Conclusions. To our knowledge, this is the first established experimental model of CWD in TgSB3985. We found evidence for co-existence or divergence of two CWD strains adapted to Tga20 mice and their replication in TgSB3985 mice. Finally, we observed phenotypic differences between cervid-derived CWD and CWD/Tg20 strains upon propagation in TgSB3985 mice. Further studies are underway to characterize these strains.
We conclude that TSE infectivity is likely to survive burial for long time periods with minimal loss of infectivity and limited movement from the original burial site. However PMCA results have shown that there is the potential for rainwater to elute TSE related material from soil which could lead to the contamination of a wider area. These experiments reinforce the importance of risk assessment when disposing of TSE risk materials.
The results show that even highly diluted PrPSc can bind efficiently to polypropylene, stainless steel, glass, wood and stone and propagate the conversion of normal prion protein. For in vivo experiments, hamsters were ic injected with implants incubated in 1% 263K-infected brain homogenate. Hamsters, inoculated with 263K-contaminated implants of all groups, developed typical signs of prion disease, whereas control animals inoculated with non-contaminated materials did not.
Our data establish that meadow voles are permissive to CWD via peripheral exposure route, suggesting they could serve as an environmental reservoir for CWD. Additionally, our data are consistent with the hypothesis that at least two strains of CWD circulate in naturally-infected cervid populations and provide evidence that meadow voles are a useful tool for CWD strain typing.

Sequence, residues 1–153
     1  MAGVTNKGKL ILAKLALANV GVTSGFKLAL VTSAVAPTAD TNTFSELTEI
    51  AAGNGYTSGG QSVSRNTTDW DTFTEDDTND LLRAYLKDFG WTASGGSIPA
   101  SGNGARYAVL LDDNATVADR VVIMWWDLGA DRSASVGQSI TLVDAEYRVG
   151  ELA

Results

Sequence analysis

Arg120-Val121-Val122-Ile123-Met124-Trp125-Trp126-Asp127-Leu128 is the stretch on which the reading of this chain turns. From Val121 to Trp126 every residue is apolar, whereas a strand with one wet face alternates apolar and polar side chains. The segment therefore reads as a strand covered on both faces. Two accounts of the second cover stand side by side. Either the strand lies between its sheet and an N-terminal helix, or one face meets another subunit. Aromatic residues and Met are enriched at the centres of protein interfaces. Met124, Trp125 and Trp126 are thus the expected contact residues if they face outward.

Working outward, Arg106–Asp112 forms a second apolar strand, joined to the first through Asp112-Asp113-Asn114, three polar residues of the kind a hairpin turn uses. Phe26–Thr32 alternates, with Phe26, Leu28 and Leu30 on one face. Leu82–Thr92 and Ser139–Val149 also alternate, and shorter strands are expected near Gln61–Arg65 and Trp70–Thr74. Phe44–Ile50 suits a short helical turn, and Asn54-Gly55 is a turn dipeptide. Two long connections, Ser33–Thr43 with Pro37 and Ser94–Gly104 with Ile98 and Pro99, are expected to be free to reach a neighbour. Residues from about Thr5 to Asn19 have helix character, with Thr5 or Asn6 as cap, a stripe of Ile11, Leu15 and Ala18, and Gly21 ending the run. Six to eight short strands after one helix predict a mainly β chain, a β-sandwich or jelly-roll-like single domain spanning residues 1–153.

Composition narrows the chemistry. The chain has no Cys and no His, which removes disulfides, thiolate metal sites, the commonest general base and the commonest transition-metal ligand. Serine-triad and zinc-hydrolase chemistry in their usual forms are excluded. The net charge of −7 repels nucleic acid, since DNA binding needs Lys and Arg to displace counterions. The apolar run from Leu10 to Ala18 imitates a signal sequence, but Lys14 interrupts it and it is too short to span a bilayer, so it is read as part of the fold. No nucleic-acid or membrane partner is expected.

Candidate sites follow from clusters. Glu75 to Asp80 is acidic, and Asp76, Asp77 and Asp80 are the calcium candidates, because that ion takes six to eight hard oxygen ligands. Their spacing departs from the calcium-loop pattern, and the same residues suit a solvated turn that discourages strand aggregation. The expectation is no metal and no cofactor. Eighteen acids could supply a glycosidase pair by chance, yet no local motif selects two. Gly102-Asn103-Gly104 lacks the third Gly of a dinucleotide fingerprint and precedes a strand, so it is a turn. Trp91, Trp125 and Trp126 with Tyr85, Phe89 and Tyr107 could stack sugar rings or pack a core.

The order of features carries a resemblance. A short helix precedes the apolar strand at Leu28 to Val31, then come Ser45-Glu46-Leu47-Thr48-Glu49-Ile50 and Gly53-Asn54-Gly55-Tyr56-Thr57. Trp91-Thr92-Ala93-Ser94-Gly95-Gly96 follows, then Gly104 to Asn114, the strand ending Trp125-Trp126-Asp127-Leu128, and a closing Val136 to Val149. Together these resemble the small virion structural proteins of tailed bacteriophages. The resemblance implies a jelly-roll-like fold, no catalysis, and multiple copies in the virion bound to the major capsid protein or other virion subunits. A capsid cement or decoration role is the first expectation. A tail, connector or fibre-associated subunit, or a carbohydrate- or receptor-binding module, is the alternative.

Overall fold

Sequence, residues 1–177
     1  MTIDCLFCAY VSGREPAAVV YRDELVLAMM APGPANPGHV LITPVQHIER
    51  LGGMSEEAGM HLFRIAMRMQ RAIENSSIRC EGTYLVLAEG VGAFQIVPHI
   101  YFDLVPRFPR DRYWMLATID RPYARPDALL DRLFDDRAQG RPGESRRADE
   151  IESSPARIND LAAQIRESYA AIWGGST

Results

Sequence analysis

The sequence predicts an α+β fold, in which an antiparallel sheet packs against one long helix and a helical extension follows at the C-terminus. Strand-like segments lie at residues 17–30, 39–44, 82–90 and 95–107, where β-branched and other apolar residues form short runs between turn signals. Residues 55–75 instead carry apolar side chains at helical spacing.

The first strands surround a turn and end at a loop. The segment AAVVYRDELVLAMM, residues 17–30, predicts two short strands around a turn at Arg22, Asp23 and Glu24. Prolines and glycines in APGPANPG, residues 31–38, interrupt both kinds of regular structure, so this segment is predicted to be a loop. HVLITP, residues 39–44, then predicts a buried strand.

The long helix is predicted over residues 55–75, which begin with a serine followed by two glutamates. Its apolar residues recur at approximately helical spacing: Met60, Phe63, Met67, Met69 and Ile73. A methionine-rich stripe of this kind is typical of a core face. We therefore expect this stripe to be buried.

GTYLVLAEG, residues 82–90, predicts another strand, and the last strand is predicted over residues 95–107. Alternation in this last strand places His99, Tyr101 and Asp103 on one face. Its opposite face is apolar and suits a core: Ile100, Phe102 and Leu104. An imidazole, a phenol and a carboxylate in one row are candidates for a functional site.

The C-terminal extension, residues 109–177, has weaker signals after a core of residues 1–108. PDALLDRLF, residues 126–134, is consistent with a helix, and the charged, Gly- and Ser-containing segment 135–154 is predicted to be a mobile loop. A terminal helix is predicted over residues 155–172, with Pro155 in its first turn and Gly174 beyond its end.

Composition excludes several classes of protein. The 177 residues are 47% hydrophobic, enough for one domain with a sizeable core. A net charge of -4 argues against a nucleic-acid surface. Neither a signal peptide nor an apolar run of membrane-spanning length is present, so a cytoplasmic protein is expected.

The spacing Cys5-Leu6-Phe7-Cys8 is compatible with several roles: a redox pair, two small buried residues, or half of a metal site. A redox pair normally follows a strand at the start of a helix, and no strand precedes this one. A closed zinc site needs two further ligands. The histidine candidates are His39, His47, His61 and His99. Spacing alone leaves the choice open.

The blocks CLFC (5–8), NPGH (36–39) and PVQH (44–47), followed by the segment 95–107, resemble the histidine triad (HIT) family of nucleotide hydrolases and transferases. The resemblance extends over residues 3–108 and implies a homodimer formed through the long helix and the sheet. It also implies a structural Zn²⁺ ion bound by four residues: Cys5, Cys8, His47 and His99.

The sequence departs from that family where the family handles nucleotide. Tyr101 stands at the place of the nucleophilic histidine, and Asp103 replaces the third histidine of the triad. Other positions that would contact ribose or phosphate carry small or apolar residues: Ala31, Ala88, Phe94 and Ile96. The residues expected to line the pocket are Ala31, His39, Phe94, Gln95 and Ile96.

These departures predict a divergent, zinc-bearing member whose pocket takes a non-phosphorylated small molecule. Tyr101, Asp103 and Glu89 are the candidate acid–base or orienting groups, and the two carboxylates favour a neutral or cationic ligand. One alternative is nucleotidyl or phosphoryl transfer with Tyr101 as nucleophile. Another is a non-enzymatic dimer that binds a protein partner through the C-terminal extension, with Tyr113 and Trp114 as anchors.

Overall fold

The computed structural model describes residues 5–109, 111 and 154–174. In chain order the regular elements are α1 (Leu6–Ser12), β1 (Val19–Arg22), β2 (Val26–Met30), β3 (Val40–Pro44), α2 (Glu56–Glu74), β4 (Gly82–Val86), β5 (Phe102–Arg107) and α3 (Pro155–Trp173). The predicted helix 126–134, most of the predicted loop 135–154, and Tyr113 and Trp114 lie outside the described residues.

Conclusion. CWD prions are shed in saliva and urine of infected deer as early as 3 months post infection and throughout the subsequent >1.5 year course of infection. In current work we are examining the relationship of prionemia to excretion and the impact of excreted prion binding to surfaces and particulates in the environment.
Conclusion. CWD prions (as inferred by prion seeding activity by RT-QuIC) are shed in urine of infected deer as early as 6 months post inoculation and throughout the subsequent disease course. Further studies are in progress refining the real-time urinary prion assay sensitivity and we are examining more closely the excretion time frame, magnitude, and sample variables in relationship to inoculation route and prionemia in naturally and experimentally CWD-infected cervids.
Conclusions. Our results suggested that the odds of infection for CWD is likely controlled by areas that congregate deer thus increasing direct transmission (deer-to-deer interactions) or indirect transmission (deer-to-environment) by sharing or depositing infectious prion proteins in these preferred habitats. Epidemiology of CWD in the eastern U.S. is likely controlled by separate factors than found in the Midwestern and endemic areas for CWD and can assist in performing more efficient surveillance efforts for the region.